Lighting is taken for granted in industrial countries. It
is hard for many people to imagine living at night
without being able to obtain light at the flick of a
switch. But grid electricity does not extend to many
rural areas in developing countries and is not likely to
be in the near future, and even in for many urban
households people have difficulty accessing clean
energy sources as they are not connected to the grid or
have unreliable power supplies.
Lighting in the rural areas of developing countries is
often provided by candles or kerosene lamps. To a
lesser extent, biogas, diesel generators and renewable
energy systems are used. Torches (or flash-lights)
powered by expensive, disposable dry-cells are used as
a portable source of light for intermittent use. Access
to modern energy products is hindered by poor market-
supply chains, low awareness of existing technologies
and lack of access to finance for consumers and
Figure 1: Low energy lamps help with
Photo: Practical Action Nepal.
What is light?
Light is electromagnetic radiation; the human eye is sensitive to a spectrum with visible colours
as seen in a rainbow. When these colours are mixed they appear as white light. More energy is
present in the violet/blue end of the spectrum than at the red end. Therefore, more energy is
generally necessary to produce the blue-violet component needed to produce what to the eye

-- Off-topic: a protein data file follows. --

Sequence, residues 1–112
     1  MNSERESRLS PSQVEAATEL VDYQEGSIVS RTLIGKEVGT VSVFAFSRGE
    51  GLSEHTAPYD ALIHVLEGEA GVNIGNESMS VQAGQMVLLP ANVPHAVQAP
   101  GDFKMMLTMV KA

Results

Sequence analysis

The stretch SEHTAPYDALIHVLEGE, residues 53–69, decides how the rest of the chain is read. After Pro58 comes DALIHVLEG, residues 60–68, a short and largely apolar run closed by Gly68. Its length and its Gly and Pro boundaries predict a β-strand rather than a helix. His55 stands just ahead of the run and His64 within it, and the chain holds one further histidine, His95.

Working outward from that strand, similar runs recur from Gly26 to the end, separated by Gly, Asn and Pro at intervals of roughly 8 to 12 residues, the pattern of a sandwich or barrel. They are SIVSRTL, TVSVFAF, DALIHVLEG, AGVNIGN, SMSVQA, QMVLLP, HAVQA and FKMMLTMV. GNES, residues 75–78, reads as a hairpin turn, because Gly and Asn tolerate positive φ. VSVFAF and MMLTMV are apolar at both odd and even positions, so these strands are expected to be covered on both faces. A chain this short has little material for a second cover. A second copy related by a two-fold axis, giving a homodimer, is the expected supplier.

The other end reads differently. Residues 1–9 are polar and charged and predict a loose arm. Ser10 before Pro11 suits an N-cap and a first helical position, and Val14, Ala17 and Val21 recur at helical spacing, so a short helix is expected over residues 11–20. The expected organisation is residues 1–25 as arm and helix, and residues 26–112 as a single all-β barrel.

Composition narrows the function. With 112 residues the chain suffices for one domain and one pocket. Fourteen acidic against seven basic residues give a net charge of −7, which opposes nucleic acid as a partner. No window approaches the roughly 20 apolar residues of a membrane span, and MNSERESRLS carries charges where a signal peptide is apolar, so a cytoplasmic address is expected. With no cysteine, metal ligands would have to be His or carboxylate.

appears as white light. So the quality of light (in colour terms) influences the energy
requirement; if colour does not matter then it is at least theoretically more efficient to use a red
or orange light, and this in fact is common practice in the case of street lighting where energy-
efficient lights are used, namely orange/yellow sodium lights. For domestic purposes people prefer
to pay extra to get white or near-white light.
Light intensity, or illuminating power of a light source in any one direction is commonly defined in
candela, which although it has a rigorous scientific definition, for practical purposes can be
thought of as 'candle-power'; i.e. the output from a standard paraffin-wax candle. The rate at
which light is emitted is measured in lumens, which are defined as the rate of flow of light from a
light source of one candela through a solid angle of one steradian. A more easily understood
approximation of this would be to imagine a one candela candle at the apex of a conical
lampshade with its sides sloping at about 70 degrees to each other; the conical beam emitted,
diverging at about 70 degrees lighting an area of 1m2, would be about one lumen. Lamps are
often rated in lumens. Another unit measuring lighting is the lux which is used where the area to
be lit is accounted for. When measuring the light intensity in a room rather than the power of a
lamp the lux can be used.
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